Special magic and good luck could be evoked for the Kamia by rubbing the powder of the chuchupate plant on a players face and breast and also sprinkling some powder on the fire (Waterman 19__: 332.  By contrast Kamia opponents could be poisoned by throwing powder rattlesnakes or black spiders on the fire.

Gaming and Songs

The extent to which gaming is fully integrated with traditional Ipai culture is reflected in the number of songs that are song in ceremonies and while gaming.  Dubois (1908a: 230) noted at least six songs that told of games and gaming including the pole and hoop game, the stick game, and the bow and arrow game.  The wagers recited in the songs include material goods, hair, and in one case the very heart of a young gambler who loses his heart and his life to a skillful elder who then dances around the dead loser.  One important gambling song sung in Diegueño by a Luiseño (Salvador Cuervas who apparently did not know exactly what the words meant) is the song sung by Cuyahomarr as he willed his uncle to win against strangers (Dubois 1908b: 127).  The stakes were high for Cuyahomarr, the loss of one more counter and the strangers, who turn out to be coyotes, win Cuyahomarr and fully intend to eat him.

The peon songs could be song by knowledgeable singers including men and women.  The length and intensity of the songs would reflect the success or apparent failure of the singers’ team.  Some songs were clearly derisive with the skill, manhood, or intelligence of the opposing players seriously called into doubt.  Ralph Michelsen, who wrote the definitive study of peon, reported that it was particularly disruptive for an opposing team’s singers to sing a song of the other teams—therefore stealing some of their power or special knowledge.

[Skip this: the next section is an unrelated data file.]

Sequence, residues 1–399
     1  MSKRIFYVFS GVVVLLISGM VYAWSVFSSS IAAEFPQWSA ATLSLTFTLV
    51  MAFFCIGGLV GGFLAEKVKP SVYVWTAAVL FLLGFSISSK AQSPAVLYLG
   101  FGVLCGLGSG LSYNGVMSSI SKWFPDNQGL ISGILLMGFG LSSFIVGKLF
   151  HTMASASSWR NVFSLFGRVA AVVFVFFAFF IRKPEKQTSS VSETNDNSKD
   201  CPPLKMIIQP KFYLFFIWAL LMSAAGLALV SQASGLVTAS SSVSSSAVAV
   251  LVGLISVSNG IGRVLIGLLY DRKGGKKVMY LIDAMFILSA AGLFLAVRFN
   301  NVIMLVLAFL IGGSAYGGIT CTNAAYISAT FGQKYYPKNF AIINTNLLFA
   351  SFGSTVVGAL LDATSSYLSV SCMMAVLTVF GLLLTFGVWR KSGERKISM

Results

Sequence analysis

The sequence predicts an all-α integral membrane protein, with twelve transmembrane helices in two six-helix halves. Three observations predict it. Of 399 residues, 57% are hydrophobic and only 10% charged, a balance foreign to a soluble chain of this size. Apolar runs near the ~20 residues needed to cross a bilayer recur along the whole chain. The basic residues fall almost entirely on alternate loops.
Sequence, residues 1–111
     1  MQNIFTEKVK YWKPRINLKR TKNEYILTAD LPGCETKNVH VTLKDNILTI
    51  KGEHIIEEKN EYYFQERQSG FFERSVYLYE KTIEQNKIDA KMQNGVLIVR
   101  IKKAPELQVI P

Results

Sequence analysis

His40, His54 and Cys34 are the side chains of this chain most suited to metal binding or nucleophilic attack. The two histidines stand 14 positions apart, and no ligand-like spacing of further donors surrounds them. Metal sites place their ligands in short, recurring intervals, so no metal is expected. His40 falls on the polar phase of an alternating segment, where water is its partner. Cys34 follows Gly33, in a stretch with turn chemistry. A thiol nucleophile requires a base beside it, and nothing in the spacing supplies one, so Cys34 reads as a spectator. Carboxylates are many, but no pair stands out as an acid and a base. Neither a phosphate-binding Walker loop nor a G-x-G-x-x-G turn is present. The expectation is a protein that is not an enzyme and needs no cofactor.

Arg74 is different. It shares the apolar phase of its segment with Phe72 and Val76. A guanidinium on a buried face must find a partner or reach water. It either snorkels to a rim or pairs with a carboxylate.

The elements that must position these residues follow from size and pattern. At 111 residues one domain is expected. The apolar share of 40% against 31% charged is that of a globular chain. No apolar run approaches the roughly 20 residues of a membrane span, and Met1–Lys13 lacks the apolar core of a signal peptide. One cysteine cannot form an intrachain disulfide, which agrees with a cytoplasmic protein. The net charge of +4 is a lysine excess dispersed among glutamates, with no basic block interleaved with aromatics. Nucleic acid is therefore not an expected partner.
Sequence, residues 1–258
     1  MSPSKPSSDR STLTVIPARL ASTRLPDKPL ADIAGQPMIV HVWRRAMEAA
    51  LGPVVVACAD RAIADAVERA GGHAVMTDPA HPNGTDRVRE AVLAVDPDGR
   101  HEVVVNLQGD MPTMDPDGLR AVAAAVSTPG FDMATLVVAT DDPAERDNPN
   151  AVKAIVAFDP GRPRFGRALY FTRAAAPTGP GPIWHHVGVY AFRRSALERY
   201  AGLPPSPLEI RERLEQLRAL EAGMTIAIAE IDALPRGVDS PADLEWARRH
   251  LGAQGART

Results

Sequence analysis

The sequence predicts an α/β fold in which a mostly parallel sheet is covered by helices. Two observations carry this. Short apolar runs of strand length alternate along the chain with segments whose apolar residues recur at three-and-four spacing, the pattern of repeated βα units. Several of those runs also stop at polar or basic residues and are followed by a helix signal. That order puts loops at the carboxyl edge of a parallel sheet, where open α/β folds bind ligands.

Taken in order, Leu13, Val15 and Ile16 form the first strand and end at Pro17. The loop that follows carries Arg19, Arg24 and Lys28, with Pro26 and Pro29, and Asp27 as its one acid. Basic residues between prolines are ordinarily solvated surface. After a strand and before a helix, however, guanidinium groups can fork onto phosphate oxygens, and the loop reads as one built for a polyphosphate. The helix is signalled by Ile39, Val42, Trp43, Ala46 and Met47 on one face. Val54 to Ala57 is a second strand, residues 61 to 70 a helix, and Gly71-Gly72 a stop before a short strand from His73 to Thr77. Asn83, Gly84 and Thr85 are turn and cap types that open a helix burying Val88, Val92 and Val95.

For the Kamia neighbors to the west, the Kumeyaay, Dubois (1908b: 168) observed that “Gambling with the Indians satisfied that instinct for recreation and excitement which in civilized man finds expression in the countless amusements good and bad which he devises for his leisure hours.  Peon is thrilling even to the bystander; but all is managed with the precision of self restraint which is inherent from the primitive days, when every act was in some sense a religious ceremony.”  She also suggested that ideally a shaman (kuseyaay) would lead each side and that his powers were important forces in the outcome of the game.  The peon pieces could be either bone or sticks and were white and black.

Gaming and Gambling in Myth

As one element of the powerful Ipai/Tipai/story of Chaup, as told at Mesa Grande, a group of villagers went to play peon at another village and were beaten (Dubois 1904: 239).  The hero of the story, Cuyahomarr, tells his grandfather that he will go to the other village and beat the winners.  In spite of his grandfather’s warnings that the villagers will kill him, Cuyahomarr travels to the strangers’ village and not only won at peon, in retribution, he burned their fields and homes.  In a version of the same story from the Manzanita Reservation  the gaming sequence is much longer and more detailed and includes the fact that the First People gamblers were coyotes before they became humans.  In the extended version the wonder boy Cuyahomarr helps his uncle win at a game of hoops and sticks not peon through magic (Dubois 1906: 157-1580.  In this story Cuyahomarr wins all of the strangers’ belongings including their corn, their metates, and their manos.